Spineless English and Welsh FAs could learn from Germany and Iran’s protests during World Cup

Other nations are standing up for what they believe in, despite what it will cost them, but England and Wales quickly reneged on their promise to send a powerful message of solidarity with LGBTQIA+ communities around the globe, writes Laura Lawrence.

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The first week of the Qatar World Cup has been a whirlwind of upsets, extra time and paltry efforts of protest.

In a land where time never ends and football matches are a tenth longer than anywhere else, Saudi Arabia had an 8.7 per cent chance of beating Argentina – and yet it happened. It must go down as one of the greatest upsets in world cup history.

Japan took the honours against Germany as well but what they can’t take away from the German football team is their ability to follow through with a promise. After not being granted permission to wear the One Love armband in support of LGBTQIA+ communities across the world, the German players chose to pose for their team photo with their hands covering their mouths, a gesture of being gagged.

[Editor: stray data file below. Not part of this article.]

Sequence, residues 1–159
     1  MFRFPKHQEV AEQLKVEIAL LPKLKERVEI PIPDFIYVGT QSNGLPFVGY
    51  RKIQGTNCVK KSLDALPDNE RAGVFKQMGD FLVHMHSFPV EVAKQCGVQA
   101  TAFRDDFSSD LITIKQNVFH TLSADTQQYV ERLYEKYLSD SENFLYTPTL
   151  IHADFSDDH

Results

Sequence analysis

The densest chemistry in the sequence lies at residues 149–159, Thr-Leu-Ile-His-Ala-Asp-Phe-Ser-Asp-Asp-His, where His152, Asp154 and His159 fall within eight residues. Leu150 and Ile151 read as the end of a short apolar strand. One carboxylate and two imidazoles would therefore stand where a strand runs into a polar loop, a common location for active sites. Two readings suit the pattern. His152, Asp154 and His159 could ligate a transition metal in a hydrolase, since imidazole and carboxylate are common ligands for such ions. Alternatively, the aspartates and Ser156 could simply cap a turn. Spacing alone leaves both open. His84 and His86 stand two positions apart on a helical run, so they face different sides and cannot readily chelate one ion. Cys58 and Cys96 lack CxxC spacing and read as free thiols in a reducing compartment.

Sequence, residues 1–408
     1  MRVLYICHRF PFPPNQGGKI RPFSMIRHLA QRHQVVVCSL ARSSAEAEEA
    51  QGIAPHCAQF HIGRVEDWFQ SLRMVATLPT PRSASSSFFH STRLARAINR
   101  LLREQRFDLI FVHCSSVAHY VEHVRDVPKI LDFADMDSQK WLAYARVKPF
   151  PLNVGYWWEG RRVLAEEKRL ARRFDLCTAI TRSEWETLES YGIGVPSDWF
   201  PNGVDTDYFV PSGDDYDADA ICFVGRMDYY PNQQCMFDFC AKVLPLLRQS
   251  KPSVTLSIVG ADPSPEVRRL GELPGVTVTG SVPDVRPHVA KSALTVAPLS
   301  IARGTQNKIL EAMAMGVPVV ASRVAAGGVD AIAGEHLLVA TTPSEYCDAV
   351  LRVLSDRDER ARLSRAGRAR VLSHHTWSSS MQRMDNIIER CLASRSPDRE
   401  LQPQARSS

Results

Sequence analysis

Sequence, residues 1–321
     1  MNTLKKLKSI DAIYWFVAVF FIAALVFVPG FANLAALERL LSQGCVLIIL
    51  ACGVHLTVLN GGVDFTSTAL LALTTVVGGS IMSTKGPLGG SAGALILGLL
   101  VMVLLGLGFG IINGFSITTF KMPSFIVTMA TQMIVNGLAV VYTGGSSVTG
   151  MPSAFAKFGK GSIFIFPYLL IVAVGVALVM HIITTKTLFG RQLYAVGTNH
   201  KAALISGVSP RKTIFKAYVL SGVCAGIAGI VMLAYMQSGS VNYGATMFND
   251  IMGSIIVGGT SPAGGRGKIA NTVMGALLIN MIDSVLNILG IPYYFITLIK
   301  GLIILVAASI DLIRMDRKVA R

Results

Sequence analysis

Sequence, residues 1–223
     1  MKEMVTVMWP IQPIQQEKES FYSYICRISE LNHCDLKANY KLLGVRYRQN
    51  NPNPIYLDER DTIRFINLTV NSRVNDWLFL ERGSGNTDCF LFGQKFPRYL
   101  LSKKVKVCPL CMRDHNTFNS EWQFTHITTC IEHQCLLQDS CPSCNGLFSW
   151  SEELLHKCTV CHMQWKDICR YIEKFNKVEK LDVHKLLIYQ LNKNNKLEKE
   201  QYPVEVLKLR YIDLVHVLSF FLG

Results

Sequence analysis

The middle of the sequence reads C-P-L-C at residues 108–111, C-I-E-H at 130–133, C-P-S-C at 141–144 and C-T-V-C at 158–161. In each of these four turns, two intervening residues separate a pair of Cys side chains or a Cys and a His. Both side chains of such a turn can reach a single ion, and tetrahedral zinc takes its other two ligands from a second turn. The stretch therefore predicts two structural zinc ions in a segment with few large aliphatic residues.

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They didn’t take the hit on a yellow card by wearing the One Love armband, but at least the German FA didn’t immediately wilt like a flower in a drought like the English and Welsh FAs.

Protest should be uncomfortable. Real protest should provoke and have consequences, otherwise it is the emptiest of empty gestures.

Look at The National Union of Rail, Maritime and Transport Workers’ (RMT) Mick Lynch. The media desperately vox pop commuters to find ‘disgusted from Tunbridge Wells’ but the consensus is they agree with the RMT’s strike. The rail strikes have been clearly laid out, consistent in their message and planned. Whether you agree with their stance or not, what would be the point of the union if they just said, ‘Oh ok, it’s making some people late for a meeting, we’ll stop doing it now’?

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The Iranian football team face real consequences for protesting. The civil unrest in Iran is a cause worth fighting for but they face arrest, or worse, under the regime. Fans held up banners and wore T-shirts with the slogan ‘Women Life Freedom’.

Carlos Queiroz’s side chose to not sing their national anthem in their first game against England. This is what real protest looks like. Subsequent pressure was applied by the Iranian government so, for their second match against Wales, the players sang the anthem. Fans booed from the stands and they cried, visibly weeping from oppression.

But we can’t have Harry Kane or Gareth Bale on a yellow card, they might miss a match – the horror.

The English and Welsh FAs are gutless when it comes to Uefa and Fifa. If the captains of these countries had defied the footballing bodies and worn the One Love armband it would have been seen all around the world – a show of solidarity which they promised. But they bowed down to another embattled regime instead. Spineless.

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Follow Laura on Twitter @YICETOR

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